Elsewhere you can read how all those Latino demonstrations turned out yesterday. This column was written long before law enforcement officials and organizers quibbled about how many people actually showed up.
Once upon a time counting noses at public turn-outs was considered big cities' events. Smaller places did little more than report how the spectators reacted, usually in a positive sense. In America's hinterland, blocking off the main drag was once the purview of civic and patriotic groups.
The circus remained exempt from the ban against commercial enterprises. But then the brass band, the clowns and the wild animals (safely caged) justified themselves.
By the time I came along, Canal Street no longer boasted of the trapeze ladies, the strong man and the splendidly attired ringmaster. New Orleans had joined its larger northern neighbors in bringing the Biggest Show on Earth into town on trains.
Newspapers and radio stations let us know when all the acts unloaded. Kids were invited along to carry water and hay for the elephants; the pay off was free tickets.
The pre-show activities belonged to the roustabouts, who hoisted the big top up to the heavens, as well as minding all the critters. They hired a few locals but the real muscle for the heavy work came from elephants in those days; tractors arrived later.
I remember once seeing the troupe's men and women; they looked less than enthusiastic and painfully washed out. The clowns in particular cried out for their gaudy makeup and outrageous costumes. Even the so-called freaks in the sideshow scarcely drew a glance.
Visiting my great-grandparents in Monroe one summer, I happened to stumble on the circus parade that starred Clyde Beatty, the famous animal trainer, known from the movies. He sat atop a wagon seat, drawing adulations from lesser mortals.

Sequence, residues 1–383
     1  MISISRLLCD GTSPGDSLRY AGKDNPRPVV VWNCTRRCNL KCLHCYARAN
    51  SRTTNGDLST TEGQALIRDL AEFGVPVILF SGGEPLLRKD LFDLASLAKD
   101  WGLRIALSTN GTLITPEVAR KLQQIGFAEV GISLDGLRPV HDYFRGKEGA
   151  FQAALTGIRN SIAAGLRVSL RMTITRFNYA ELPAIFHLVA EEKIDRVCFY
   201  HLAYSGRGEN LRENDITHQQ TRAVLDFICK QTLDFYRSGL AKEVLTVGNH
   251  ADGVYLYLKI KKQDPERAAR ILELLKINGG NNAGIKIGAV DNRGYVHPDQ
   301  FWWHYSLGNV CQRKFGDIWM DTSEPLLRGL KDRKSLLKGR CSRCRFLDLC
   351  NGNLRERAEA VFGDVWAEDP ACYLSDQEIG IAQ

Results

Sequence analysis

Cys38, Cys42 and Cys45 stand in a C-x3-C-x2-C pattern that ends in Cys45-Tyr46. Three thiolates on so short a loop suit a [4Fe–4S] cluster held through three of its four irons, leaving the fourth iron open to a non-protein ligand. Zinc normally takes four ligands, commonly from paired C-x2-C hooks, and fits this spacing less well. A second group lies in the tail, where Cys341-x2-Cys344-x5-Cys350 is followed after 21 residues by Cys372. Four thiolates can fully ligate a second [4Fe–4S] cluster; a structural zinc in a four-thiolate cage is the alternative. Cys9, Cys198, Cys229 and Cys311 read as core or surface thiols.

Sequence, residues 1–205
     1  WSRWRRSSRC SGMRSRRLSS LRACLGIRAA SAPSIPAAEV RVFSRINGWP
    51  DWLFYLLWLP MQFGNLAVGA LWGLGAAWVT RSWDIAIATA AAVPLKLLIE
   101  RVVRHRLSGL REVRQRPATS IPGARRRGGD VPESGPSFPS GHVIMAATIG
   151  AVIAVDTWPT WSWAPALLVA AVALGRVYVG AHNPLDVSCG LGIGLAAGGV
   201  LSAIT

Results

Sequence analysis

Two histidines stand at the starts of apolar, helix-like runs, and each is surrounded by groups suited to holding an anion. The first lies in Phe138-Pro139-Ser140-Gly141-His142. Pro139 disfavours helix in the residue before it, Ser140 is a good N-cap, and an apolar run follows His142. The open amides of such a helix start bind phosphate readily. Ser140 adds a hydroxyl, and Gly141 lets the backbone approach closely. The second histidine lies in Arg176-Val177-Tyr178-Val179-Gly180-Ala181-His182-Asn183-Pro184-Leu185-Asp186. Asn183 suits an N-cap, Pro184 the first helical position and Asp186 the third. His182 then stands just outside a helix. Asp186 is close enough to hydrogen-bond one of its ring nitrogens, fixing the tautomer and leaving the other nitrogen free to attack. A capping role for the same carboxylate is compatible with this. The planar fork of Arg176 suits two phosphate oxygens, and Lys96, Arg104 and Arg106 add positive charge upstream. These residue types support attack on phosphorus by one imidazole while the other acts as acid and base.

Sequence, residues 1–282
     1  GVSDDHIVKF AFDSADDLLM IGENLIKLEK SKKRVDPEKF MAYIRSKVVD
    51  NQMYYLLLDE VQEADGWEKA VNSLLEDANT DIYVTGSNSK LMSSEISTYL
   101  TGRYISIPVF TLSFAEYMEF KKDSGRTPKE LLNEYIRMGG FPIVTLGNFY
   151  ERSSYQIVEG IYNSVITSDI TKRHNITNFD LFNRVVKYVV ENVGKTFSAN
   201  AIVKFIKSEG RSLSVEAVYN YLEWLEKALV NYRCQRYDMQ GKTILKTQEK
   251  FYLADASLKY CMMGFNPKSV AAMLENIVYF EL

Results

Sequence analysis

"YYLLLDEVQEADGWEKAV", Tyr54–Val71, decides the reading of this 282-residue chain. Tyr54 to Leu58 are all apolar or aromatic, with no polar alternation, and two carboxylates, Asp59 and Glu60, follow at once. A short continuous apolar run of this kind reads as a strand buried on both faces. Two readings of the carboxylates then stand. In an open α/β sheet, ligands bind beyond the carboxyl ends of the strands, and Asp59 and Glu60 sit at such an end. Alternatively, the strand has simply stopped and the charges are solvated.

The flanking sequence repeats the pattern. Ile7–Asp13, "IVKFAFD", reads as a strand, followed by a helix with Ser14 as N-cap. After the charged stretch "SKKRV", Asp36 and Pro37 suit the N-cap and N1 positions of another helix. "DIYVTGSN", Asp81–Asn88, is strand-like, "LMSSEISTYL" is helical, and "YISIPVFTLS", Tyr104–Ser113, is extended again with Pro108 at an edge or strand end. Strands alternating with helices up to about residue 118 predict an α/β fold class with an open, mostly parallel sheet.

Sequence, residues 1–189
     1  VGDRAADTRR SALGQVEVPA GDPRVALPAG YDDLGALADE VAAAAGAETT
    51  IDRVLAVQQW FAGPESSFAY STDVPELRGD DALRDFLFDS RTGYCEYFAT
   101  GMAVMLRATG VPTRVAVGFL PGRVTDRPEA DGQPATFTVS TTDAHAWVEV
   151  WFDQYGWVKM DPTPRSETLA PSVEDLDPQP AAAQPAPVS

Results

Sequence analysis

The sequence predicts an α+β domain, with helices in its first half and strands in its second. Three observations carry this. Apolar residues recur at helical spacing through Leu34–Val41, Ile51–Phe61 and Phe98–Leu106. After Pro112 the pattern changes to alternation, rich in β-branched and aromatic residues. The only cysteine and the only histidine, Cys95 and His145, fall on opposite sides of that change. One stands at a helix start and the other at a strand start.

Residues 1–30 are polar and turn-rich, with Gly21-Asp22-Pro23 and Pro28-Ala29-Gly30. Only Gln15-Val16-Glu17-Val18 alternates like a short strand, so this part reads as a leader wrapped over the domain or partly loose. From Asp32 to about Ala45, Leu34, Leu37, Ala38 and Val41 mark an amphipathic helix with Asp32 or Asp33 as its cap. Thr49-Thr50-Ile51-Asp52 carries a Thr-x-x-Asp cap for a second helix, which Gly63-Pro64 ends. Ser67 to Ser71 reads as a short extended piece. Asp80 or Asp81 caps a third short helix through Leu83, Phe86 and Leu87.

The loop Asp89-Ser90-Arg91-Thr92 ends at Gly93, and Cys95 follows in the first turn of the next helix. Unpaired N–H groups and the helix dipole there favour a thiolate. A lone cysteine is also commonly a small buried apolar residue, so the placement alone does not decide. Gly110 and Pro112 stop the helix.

My father bought me cotton candy that year, and roasted peanuts; the hulls wound up embedded in the empty lot taken over by Mr. Beatty and his assistants.
Tucked in one corner the row of buses and trucks served to remind us we would awaken one morning and the whole shebang had vanished.
Certainly New Orleans must have boasted more than Armistice Day parades with the men in their World War I uniforms, complete with puttees. I never know - nor thought to ask - where all the helmets came from. That's all I can recall except for Mardi Gras, but that's all together something else.
In time, there was a hoop-to-do about the Sugar Bowl game; I remember going along to the old Tulane Stadium for the contest between Texas Christian University's Horned Frogs and California's St. Mary's Gaels. Most of the crowd came from locals.
While New York and maybe Chicago and Philadelphia might have drawn protest demonstrations against the country delving again into Europe's troubles, they existed only on newsreels.
When I came to Washington the first public spectacle I witnessed, the annual Armed Forces Day, fit snugly into the patriotic role. Cherry Blossom festivals and school safety parades represented the civic events.
The peaceful assembly on the Mall that gathered to hear Martin Luther King Jr.'s "I have a dream," in 1963, was easily the biggest turnout I had ever witnessed, bigger than Inauguration Day.
The tone on the streets turned problematical later. In their great frustration African-Americans provided a key element in keeping the national pot boiling. But the anti-war protests provided the real heat.
Not until Vietnam had I seen anything like the mobs that staged opposition to the government; I was a Washington reporter when I trekked along, wary about the tear gas and where the violence might spark from.
As the opposition mounted, headed for the May Day debacle, Catholics slipped in between; they were unhappy with the way Vatican II turned out, especially Rome's attempt to "fire" Charlie Curran.
The priest-theologian's "cause" shut down Catholic University for a week. The curia backed down; it took almost 20 years and ramrodding by the present pope to send the Reverend Curran packing. He's now on faculty at Dallas' Southern Methodist University.
In the event, it's difficult to tell when the current furor over immigration rights will settle down. And what comes next.
As you know, Latinos have become the country's most powerful minority; having passed African Americans some time ago. In Los Angeles they top every other demographic group - including whites!
This is a subject we have dealt with before on TheTentacle.com. For some further thoughts, check out next Sunday's Frederick News-Post.